According to Gallup Korea, one out of three women between the ages 19 and 29 have undergone plastic surgerye. The number is shockingly large, compared to other countries’ statistics. Numbers like this make South Korea the country with the most used beauty modification industry in the world.

World plastic surgery statistics

However, the plastic surgery niche in South Korea is not only a matter of culture, but also an industry worth billions of US dollars. This is why the examples, like the one with the metro station above, are not exceptions, but signs of how the phenomenon has spread all over the country. Moreover, the industry not only involves the local population, but has also led to so-called “plastic surgery tourism”.

Agencies that promise to arrange “the best medical experience for you” attract thousands of those who are unsatisfied with their looks. They are easy to find, too - hundreds of “plastic surgery travel package” offers pop up on Google whenever you search the topic. This also has an influence on the tourism branch within the country. The high demand for plastic surgeries leads the openings of new medical centers and rehabilitation clinics. The active monetization of the niche attracts more young people to get a degree in the field of plastic surgery and more universities and private colleges aim to open sufficient positions. In other words, the industry is profitable and this is one of the main reasons it is spreading all around the country.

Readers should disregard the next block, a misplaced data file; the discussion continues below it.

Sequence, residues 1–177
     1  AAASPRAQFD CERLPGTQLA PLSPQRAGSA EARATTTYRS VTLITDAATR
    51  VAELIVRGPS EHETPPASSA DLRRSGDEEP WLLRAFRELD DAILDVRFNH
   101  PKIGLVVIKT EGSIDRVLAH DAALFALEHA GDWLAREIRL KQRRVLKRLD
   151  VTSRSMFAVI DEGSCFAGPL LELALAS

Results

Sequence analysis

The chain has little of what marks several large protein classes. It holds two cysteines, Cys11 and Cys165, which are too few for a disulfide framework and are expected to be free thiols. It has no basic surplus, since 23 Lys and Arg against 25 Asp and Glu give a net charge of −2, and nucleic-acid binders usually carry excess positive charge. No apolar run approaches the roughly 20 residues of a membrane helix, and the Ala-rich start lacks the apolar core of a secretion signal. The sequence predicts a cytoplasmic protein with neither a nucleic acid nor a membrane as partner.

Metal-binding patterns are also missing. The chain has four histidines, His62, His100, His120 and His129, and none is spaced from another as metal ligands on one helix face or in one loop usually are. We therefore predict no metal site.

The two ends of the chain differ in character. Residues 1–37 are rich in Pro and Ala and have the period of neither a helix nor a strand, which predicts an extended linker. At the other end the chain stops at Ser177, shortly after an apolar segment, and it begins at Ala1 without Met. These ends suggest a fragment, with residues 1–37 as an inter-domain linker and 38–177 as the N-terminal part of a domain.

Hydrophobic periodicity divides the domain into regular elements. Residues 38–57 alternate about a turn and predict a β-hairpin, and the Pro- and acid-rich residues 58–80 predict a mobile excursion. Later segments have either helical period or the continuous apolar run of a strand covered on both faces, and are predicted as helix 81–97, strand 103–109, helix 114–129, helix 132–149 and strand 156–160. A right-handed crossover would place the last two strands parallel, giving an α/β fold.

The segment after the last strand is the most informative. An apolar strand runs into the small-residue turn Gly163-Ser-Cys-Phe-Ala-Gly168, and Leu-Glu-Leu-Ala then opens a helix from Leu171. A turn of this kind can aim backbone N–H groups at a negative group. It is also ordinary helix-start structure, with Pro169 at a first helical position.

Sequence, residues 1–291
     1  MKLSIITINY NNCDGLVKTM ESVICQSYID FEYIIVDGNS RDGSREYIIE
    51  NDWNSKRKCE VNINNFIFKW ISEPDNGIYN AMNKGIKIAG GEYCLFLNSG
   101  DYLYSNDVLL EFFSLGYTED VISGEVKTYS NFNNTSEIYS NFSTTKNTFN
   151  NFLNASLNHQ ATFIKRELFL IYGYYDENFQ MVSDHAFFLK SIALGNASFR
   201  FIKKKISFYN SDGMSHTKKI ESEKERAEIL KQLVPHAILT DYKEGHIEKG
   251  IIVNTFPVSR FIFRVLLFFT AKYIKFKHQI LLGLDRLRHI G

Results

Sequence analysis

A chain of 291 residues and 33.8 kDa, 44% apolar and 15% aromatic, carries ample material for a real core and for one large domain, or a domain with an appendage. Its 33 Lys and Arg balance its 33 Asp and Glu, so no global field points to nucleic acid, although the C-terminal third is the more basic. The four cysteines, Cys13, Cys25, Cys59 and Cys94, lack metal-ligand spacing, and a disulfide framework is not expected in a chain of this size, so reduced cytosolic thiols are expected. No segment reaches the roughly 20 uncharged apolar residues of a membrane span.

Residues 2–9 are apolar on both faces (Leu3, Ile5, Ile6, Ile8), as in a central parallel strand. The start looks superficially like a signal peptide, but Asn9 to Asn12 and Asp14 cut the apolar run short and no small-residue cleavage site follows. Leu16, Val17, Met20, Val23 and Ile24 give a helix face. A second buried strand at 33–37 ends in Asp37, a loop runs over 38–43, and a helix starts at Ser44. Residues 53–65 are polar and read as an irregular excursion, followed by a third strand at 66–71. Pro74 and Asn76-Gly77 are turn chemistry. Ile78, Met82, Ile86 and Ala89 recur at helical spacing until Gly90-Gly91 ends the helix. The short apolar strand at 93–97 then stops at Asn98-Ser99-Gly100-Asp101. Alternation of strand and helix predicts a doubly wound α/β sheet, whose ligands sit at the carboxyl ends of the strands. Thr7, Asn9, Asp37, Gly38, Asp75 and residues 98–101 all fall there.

A society in which stigmas are “deleted”

Due to the increasing amount of plastic surgeries that are performed in South Korea, beauty standards are evolving accordingly. When almost everyone undergoes plastic surgery, the urge to look good can be felt by those who still haven’t had any procedures done.

The ideal Korean woman should be thin, as pale as possible, have big eyes, double eyelids and a very delicate jaw. A lot of South Korean women are not born with these features, and therefore have to undergo jawline correction surgeries in order to achieve the delicate look for themselves. This can be seen most prominently in the K-Pop industry, where most of the musicians have had plastic surgeries. To highlight the mass mania of jawline correction, a plastic surgery clinic in Seoul used to have a tower of patients’ jaw bone shavings.